Three drilled water wells surround the site and are monitored by the MOECC three times a year.
OGMT claims numerous complaints have been lodged against Haliburton Septic Pumping. A MOECC spokesperson confirmed the ministry received a complaint July 30, 2016 related to odours generated from the site. The ministry’s Investigations and Enforcement Branch is investigating.
Flooding issues are also of concern, Adam says. If flooding is as bad as the spring of 2013, he said the septage would easily enter the lake system.
The legality of the site has come into question as well.
“This is an illegal waste disposal site,” Adam said, pointing to the county and township’s official plans. While the land on which the field is located isn’t zoned to permit the use of a waste disposal site, according to the township’s zoning bylaw, Ontario’s Environmental Protection Act and ECA approvals do not require a rezoning of the property for field spreading.
Algonquin Highlands asked Elstone to apply for a zoning amendment to change the zoning from rural to waste/industrial.
But Elstone refused, citing the numerous restrictions that have already been applied to the operation of his site, in accordance with the ECA.
He’s also hired an engineering company to oversee some of the technical aspects of the site.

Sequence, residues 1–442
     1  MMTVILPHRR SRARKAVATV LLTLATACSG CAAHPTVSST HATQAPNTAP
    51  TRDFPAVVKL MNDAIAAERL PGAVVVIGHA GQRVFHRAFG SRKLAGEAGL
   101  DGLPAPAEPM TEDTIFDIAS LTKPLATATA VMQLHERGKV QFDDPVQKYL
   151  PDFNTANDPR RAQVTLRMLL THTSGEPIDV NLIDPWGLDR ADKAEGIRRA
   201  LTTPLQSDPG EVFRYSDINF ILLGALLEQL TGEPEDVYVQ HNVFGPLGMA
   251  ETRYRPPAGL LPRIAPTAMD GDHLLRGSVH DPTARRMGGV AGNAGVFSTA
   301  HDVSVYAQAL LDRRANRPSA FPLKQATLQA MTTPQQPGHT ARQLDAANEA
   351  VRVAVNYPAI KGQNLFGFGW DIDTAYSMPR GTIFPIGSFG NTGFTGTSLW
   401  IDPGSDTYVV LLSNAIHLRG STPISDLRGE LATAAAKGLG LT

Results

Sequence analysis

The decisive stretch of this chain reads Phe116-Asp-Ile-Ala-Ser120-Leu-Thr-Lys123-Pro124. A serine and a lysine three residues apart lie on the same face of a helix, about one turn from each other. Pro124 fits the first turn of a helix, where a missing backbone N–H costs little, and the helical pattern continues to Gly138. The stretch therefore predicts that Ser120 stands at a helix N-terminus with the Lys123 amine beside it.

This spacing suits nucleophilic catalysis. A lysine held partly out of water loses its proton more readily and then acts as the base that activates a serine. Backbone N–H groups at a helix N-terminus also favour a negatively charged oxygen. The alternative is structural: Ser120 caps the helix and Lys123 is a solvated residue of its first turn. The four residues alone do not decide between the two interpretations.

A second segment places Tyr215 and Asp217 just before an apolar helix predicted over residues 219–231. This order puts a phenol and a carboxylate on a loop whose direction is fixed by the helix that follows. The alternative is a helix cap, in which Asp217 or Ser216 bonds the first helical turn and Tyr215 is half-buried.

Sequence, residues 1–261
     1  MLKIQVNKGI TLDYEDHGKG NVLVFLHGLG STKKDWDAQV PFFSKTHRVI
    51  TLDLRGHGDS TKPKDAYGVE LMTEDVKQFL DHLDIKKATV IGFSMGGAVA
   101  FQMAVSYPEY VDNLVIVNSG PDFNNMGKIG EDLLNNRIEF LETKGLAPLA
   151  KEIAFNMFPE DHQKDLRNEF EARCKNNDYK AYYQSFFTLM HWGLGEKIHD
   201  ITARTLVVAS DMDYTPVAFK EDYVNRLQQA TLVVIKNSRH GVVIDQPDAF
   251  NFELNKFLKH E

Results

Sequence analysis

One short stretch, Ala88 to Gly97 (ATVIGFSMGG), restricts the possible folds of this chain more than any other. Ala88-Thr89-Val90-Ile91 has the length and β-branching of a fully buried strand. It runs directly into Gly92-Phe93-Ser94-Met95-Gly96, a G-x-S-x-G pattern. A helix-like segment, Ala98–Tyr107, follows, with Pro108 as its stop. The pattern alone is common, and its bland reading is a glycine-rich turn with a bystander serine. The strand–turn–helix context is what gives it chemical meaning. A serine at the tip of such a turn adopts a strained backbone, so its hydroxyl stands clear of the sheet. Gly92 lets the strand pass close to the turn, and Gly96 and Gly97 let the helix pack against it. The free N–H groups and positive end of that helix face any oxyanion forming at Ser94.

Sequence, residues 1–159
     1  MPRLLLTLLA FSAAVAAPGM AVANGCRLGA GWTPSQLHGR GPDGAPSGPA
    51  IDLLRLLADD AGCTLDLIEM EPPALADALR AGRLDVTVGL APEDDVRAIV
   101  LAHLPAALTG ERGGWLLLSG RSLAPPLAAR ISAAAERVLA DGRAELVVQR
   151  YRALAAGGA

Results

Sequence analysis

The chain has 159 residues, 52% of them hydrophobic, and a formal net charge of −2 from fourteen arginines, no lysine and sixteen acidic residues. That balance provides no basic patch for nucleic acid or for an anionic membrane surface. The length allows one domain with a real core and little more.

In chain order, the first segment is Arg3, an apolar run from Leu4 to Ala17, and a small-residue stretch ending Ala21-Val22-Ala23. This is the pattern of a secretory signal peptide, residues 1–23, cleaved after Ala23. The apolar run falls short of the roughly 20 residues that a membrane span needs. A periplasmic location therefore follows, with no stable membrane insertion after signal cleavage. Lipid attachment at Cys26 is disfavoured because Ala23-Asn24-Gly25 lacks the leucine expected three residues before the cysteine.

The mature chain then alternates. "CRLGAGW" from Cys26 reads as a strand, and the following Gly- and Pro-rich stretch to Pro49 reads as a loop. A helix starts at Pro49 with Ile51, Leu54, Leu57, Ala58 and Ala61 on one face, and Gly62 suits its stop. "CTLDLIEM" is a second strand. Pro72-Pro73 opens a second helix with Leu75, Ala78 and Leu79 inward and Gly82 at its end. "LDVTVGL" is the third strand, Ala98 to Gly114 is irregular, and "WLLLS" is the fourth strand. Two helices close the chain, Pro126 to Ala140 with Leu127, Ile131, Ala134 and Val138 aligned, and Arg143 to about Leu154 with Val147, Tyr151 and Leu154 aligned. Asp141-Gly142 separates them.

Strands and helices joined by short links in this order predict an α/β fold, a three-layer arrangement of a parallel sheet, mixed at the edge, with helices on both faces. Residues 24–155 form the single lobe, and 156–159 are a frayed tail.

A change in zoning would make the field nearly impossible to use for field spreading, he says, as the setbacks would be increased significantly.
The lack of control over these types of files is frustrating, says the county’s planner Charlsey White.
“It would be great if councils had that decision-making power, but even at the county level, we don’t have that,” said White.
Algonquin Highlands spent a lot of 2015 looking at how much power it had over planning and land use when it came to field spreading.
Despite much pressure from Maple Lake residents, the township ultimately decided not to pursue a court injunction against Haliburton Septic Pumping.
A press release issued by the township last February said it would be “exceptionally difficult, extremely costly and likely to fail with the ultimate outcome anticipated to be the continuance of the current use.”
Reeve Carol Moffatt says residents expect the township to take action, but until the province introduces changes to its sewage policy and clearly identifies municipalities’ role in that new system, haulers don’t have to adhere to their zoning bylaws.
“With this current jurisdictional gap, we don’t have any say,” Moffatt said. “Someone can come to the township and say ‘I want to put a spreading field here and go through your rezoning process,’ but then they run the risk of having that rezoning denied, so why would you take that risk if you don’t have to? From the perspective of the licensee, it makes perfect sense.”
The MOECC is seeking public input on how to improve the hauled sewage policy and program. Comments can be submitted through the ministry’s Environmental Registry at ebr.gov.on.ca.
In the meantime, Elstone is ready to start work in May, using the existing .85 hectares that’s dedicated to field spreading. He owns 96 acres of the property.
“I’m just a one-man business,” he said. “I’m not against the process, and I’d like to help come up with ways to make the process better.”
Haliburton Septic Pumping is also a member of the Ontario Association of Sewage Industry Services that is actively participating in the discussion to improve the hauled sewage policy and program.
ALEX COOP is a reporter for The Highlander.